I thought his answer was interesting enough that I transcribed Julian Fellowes' words for you, Jules, and for anyone else having trouble viewing the video:
Interviewer: "Julian, you've produced and written movies and drama not just in the UK but elsewhere. Do you think this is a particularly propitious place to make good fiction?"
Julian Fellowes: "Well, I mean yes, because I think the proof of the pudding is in the eating, and the fact is we make very good drama. I do think one thing actually and that is: period drama--which I don't work in exclusively actually, contrary to what the papers say, but I do do a lot of period drama--and I think our actors have a kind of understanding of period. For Europeans, the past is in them as well as the present, and I think they are at ease in that genre in a way that the Americans, for instance, I think find harder. I think Americans are wonderful film actors, wonderful film actors--best in the world. But they are a very contemporary race and they look forward all the time, and there is something about period drama where they tend to go into a strange place called "Period" where people wear funny clothes. Whereas, I don't think our actors do that; I think they make it very real. And that is, of course, with something like [what]we're doing, very, very helpful. I mean, the cast is so much the main reason for its success."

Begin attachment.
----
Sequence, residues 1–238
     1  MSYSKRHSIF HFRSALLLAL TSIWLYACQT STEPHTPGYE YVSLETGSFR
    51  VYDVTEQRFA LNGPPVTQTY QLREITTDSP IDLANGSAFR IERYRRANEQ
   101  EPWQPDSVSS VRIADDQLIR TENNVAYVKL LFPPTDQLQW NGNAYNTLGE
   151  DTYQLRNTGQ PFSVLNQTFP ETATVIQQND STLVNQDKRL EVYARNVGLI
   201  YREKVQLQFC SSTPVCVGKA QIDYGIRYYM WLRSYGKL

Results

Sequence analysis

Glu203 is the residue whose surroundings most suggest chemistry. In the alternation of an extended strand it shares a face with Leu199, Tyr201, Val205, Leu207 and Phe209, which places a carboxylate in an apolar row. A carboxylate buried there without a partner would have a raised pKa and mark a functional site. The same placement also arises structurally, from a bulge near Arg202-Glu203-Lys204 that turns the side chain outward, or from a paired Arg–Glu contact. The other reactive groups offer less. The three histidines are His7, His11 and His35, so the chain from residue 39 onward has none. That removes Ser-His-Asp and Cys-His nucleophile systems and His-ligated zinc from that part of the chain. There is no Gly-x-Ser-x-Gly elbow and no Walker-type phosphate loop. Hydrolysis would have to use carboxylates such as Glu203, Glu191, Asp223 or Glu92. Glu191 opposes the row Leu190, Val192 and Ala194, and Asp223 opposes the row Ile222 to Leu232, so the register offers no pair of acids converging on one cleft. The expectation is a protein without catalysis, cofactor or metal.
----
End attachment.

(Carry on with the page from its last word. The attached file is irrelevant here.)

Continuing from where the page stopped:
To me, the interesting thing about this quote is that what Downton Abbey most reminds me of are the great American-made TV miniseries of 30 to 40 years ago--Roots, The Thorn Birds; Rich Man, Poor Man; The Winds of War, for example--more so than the great British-made series of that era such as Upstairs, Downstairs; Poldark, or The Six Wives of Henry VIII.
But as far as generalizations go, I guess Mr Fellowes words are pretty much on the mark. It's definitely true of a certain British gentleman of our "acquaintance," who looks very real and very much at home in whatever time period you set him.